By Scott S. Elliott, Principal and Founder, TechZecs LLC
The economy is slow and maybe your sales are flat. There is much uncertainty in your market and in the world economy. What strategic steps should you take to protect your market share and brand? Here is our advice:
1. Manage cash flow carefully.
2. Get flexible.
3. Plan some scenarios.
4. Retool for the next upcycle.
5. Look for opportunities.
1. Manage cash flow carefully. In this economy, cash is king and should be used wisely. We are not saying to stop spending, just minimize spending on unnecessary items. For example, you can minimize employee travel and instead use videoconferencing and internet communication tools such as GoToMeeting and Webex. When used properly, these tools can be nearly as effective as face-to-face communications and avoid the high cost, time consumption and stress of travel. There also may be opportunities to defer spending on construction of new facilities, postpone buying capital equipment that is not absolutely necessary, etc. Do whatever is necessary to keep a positive cash flow position.
2. Get flexible. If you have attrition or need new workers, think about hiring contract workers, outsourcing or partnering with other companies. A good rule of thumb during a recession or stagnant economy is 50-50; half employees and half temps or partners. Permanent employees are needed to keep your company culture and intellectual property fresh and growing, and to maintain your core competencies. But much of the work does not involve a core competency and can be done by non-employees. Contractors and consultants may seem to cost more per hour, but generally they net-out to about the same cost when you factor in overhead expenses such as employee support costs, benefits and paid vacations. Having a "stable" of good contract workers and partners and knowing how to manage them wisely puts you in a great position to thrive through a roller-coaster economic situation.
3. Plan some scenarios. Convene the strategic management team and run through some "what if. . ." scenarios. Pick at least three scenarios: a) What if our sales decrease by 50%? b) What if the sales stay (or become) flat? c) What if sales double suddenly? You might have other scenarios specific to your type of business or market; like potential regulatory changes, federal budget changes, etc. Play out those scenarios and decide in advance what your company would do. Then define the trigger points. For example, if orders slipped by more than 10% for three straight months, that might trigger your plan for the disaster scenario. If you did a good job of getting flexible, you should be able to manage well through any of the scenarios.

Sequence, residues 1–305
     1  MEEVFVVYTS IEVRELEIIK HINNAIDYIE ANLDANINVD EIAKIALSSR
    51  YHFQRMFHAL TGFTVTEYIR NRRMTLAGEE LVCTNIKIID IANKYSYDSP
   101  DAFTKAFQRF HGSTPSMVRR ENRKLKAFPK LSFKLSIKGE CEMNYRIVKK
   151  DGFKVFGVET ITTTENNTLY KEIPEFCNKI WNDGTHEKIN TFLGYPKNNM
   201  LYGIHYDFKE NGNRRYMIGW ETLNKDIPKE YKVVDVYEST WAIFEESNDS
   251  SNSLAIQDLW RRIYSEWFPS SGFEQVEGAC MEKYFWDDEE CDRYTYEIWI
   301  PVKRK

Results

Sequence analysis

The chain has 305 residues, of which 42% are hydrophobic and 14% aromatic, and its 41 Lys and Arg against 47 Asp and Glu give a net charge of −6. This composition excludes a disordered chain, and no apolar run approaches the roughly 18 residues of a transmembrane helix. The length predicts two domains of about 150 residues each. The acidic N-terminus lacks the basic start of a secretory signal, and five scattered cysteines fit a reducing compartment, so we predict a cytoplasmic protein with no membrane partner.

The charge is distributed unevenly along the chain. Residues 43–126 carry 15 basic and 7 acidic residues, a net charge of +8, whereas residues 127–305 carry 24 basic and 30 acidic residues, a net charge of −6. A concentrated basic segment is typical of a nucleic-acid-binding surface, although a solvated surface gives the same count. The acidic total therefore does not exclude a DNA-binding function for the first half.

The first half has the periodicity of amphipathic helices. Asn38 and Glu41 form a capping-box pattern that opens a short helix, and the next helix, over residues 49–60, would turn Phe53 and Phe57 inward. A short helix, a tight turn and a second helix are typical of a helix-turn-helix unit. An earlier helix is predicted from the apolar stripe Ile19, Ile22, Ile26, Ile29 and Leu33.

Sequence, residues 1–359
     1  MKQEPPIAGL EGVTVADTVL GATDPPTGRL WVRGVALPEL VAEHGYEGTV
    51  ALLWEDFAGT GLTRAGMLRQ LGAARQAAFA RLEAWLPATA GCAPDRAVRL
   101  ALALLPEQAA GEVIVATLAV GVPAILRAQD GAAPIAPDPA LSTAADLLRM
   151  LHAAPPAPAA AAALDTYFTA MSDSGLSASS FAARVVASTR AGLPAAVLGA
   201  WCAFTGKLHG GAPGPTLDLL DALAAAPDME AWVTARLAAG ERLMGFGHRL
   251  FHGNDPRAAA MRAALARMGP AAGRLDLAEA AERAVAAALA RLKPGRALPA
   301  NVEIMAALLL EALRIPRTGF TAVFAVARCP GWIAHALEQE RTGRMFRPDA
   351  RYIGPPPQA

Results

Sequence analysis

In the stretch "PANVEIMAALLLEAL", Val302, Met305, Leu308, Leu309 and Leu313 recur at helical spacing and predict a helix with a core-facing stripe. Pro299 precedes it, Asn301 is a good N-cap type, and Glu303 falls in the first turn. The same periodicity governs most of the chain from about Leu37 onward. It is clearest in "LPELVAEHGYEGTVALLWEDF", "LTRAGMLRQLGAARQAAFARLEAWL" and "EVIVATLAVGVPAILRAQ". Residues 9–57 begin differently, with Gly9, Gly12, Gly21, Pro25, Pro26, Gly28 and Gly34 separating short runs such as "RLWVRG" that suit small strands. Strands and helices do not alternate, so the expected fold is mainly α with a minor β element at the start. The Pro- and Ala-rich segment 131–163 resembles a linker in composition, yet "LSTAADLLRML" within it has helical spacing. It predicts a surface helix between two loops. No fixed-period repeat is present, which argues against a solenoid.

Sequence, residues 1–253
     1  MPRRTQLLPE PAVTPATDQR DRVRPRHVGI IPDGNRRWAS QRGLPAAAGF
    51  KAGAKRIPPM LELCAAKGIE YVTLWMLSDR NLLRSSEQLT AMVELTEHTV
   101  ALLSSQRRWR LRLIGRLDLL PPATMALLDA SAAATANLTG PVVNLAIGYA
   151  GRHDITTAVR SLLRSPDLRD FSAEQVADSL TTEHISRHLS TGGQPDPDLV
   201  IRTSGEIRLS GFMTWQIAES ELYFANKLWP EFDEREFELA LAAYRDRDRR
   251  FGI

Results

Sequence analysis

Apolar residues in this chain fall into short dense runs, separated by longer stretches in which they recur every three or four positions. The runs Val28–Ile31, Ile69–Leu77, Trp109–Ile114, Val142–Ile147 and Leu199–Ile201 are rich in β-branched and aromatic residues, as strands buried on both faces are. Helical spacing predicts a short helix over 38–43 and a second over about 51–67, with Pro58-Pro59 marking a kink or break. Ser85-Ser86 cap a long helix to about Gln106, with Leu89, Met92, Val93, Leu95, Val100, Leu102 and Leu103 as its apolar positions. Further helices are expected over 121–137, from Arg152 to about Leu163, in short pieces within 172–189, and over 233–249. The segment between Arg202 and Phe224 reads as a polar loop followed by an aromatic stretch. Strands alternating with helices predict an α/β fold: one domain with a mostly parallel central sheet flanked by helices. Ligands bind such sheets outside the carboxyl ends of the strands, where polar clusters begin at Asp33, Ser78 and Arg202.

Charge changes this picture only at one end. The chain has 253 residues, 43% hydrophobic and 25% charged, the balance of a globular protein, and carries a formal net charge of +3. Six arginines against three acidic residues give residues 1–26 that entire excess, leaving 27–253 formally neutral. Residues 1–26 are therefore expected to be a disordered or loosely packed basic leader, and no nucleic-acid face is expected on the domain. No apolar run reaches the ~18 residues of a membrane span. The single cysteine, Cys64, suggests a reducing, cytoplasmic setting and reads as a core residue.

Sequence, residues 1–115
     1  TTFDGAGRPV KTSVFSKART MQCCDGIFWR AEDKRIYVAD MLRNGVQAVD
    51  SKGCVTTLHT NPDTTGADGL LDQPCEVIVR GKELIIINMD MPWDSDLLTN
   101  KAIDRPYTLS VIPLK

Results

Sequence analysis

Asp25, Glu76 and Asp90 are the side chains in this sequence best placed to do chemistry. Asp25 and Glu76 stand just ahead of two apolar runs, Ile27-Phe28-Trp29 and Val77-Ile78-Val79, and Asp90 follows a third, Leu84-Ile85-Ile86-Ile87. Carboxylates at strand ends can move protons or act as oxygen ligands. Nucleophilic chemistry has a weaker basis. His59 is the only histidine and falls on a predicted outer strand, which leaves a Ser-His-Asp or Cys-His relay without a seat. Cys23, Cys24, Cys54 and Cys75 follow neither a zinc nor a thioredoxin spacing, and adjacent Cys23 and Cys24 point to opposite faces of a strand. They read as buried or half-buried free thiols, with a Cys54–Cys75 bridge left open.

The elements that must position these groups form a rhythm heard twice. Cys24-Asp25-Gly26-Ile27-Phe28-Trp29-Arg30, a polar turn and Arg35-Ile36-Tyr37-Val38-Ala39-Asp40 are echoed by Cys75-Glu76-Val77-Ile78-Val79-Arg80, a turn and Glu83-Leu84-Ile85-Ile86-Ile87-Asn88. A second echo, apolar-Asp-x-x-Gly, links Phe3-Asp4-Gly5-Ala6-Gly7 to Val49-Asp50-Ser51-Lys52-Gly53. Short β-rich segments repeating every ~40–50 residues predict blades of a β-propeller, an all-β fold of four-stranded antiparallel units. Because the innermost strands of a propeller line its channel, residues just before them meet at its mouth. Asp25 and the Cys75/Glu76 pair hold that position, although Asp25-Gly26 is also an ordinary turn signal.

4. Retool for the next upcycle. Here is our law of economic gravity: what goes down must come up! The only questions are: when and how far up? If you are managing flexibly through the down or flat cycle, you should be confident that you will survive and start planning for the next growth cycle. The best way to do that is to review your Value Propositions and your Value Delivery processes. Use any excess management and worker mindshare and capacity to improve those key business fundamentals. Doing so has the side benefit of improving morale in your company. If you show your team that you are confident in the future and engage them to participate in preparing for the next upturn, they will return your trust with full energy and productivity.
5. Look for opportunities. The chances are that some of your competitors will not be so successful in managing through the turmoil. You can use your positive cash position to acquire market share, IP, and resources at very low cost. Also, re-scan the market to see if new opportunities have developed. Look for these opportunities and be ready to act.
If you are in a good cash position, economic stagnations and downturns do not have to be a nightmare. They can present a great opportunity to increase your management agility and flexibility, increase your market share, and be in a stronger position for the next upturn in your market.